The Big Picture – The Church as Part of Life

As in any postmodern culture, Albania faces its own set of problems that many would deny have spiritual implications. Pastor Genci Cesula cites both depression and marriage problems as being among the biggest counseling issues, but also includes pornography “addiction” on that list. Sexual immorality is becoming much more visible than it had been previously, and without a grounding in a Christian-Judeo heritage, morality becomes subjective. Assisting national believers to establish a growing, dynamic Church that is seen as relevant is a formidable task.

Both the American and Albanian pastors have tried to communicate that “church” is not a building; it is a body of believers interconnected and involved together in all facets of life. “Biblical counsel isn’t just ‘giving answers’, nor is it an ‘American thing’,” Brandt explained. “We want to help them to see what God has designed the Church to be—how to live as disciples of Jesus. It is exciting to see how God is raising up people all around the world who are hungry to learn the biblical answers to [problems in] their lives and heartening to see the dedication of His people all over.”

Albania, which means “Land of the Eagle,” is being renewed in strength. In Scripture, the eagle is a symbol of strength and being able to bear much weight (Ex. 19:4; Deut. 32:11). In fitting metaphorical fashion, Albania has risen in just one generation from oppressive atheism and tyrannically-induced poverty to one of the strongest Christian environments in the Balkans. Due to the unwavering work of Albania’s new generation of pastors and biblical counselors, the country is indeed “rising on wings of eagles” as new believers make His Name known.

“Me Before You” and Hollywood’s Culture of Death

“<em>Me Before You</em>” and Hollywood’s Culture of Death

 

by Marie Notcheva

Me Before You

On June 3rd , a “feel-good” movie designed as a ‘dramatic romance’ opened in cinemas nationwide. Being somewhat out of the pop-culture loop, I first heard of it when a European friend posted a disability rights activists’ petition to boycott the film on social media. The main character in “Me Before You”, Will Traynor, is an extremely wealthy, good-looking, educated British man who is left a paraplegic by an accident. Despite having a loving family, access to the best rehabilitative therapy, and a devoted caretaker, he decides to end his life at Dignitas, a Swiss euthanasia clinic.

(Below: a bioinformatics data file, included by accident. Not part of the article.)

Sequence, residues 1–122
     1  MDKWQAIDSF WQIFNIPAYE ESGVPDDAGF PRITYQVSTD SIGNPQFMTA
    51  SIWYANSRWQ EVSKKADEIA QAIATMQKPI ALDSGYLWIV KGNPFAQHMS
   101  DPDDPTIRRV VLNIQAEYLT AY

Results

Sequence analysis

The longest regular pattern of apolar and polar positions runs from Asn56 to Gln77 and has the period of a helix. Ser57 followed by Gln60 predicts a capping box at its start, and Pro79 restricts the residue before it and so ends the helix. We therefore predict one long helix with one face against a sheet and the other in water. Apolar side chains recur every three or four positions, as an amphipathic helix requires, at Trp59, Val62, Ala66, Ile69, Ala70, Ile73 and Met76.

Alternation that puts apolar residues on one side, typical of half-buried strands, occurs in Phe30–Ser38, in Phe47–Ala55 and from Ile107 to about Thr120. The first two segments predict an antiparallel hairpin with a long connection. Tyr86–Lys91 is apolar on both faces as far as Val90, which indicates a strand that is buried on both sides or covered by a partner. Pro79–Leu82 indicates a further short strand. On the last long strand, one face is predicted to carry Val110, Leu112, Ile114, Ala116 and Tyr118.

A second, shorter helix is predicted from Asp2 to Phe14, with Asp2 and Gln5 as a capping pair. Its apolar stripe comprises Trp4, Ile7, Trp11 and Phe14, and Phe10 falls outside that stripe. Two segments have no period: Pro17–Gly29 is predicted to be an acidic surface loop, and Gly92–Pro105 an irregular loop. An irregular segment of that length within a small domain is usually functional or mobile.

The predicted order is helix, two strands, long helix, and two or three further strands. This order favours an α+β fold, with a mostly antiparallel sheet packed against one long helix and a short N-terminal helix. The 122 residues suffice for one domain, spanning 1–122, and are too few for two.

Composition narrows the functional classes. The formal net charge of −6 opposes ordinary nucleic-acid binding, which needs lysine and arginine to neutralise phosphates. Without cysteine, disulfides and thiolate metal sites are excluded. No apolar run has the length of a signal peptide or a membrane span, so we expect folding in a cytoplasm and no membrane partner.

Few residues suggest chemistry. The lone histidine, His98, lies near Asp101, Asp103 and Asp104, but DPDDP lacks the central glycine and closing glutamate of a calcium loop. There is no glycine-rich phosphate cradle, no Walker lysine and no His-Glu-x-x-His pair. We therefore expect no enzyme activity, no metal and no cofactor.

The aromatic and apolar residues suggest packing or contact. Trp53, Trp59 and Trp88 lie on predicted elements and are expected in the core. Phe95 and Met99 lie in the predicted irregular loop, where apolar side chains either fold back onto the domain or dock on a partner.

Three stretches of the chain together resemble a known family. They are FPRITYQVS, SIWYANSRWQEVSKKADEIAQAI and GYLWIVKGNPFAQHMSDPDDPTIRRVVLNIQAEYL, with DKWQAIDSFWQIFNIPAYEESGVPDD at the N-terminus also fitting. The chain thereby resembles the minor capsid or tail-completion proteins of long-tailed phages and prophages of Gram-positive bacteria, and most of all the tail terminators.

Louisa, the caretaker, forges a strong bond with Will and tries to talk him out of it; but to no avail. Ultimately most of the main characters in the movie – including his family – cave in and support his “choice” to end his life, which Will has decided is no longer worth living. Amid swelling, emotionally-evocative music, he follows through on his plan. Pro-life activist Stephanie Gray wrote, “[Will’s family] all encourage, facilitate or are actually present at Will’s suicide the way he wants it.”

The Message 

“‘Me Before You’ literally romanticizes a death wish,” said Tom Shakely, executive director of the Terri Schiavo Life & Hope Network.  The main character, despite being in a far better situation personally, economically, and even physically than many disabled people, concludes that he is better off dead than to face the challenges he’s been handed. This is a slap in the face to the many physically disabled people who live productive lives, contribute to society and honor God in their circumstances. (I have a wheelchair-bound friend in Albania who organizes Christian camps for the disabled and shares the Gospel with anyone who will listen; and, despite Albania being far less handicapped-accessible than Britain or the United Sates, Klodi is rarely without a smile or kind word.)

Does this film really portray handicapped individuals? Worse, has the value of human life become so cheap that Hollywood presumes to tell the disabled they should feel worthless? Ben Mattlin, who was born with spinal muscular atrophy, wrote in an op-ed for the Chicago Tribune:

“Make no mistake: Quadriplegia is hard, and it can be tempting to give up. Like Will Traynor, the paralyzed heartthrob in the movie (played by nondisabled actor Sam Claflin), I rely on constant assistance from paid aides and family members. It’s nearly impossible to find a job, let alone a restaurant or store without steps or with an accessible restroom. It’s a good thing I’m positively bursting with self-confidence and know I do want my life to continue. But how many of those who are struggling to maintain self-esteem, who feel unsure of their right to exist, possess the courage and sheer chutzpah to withstand the invidious message that they’re better off dead?” (Emphasis mine).

The Culpability of American Media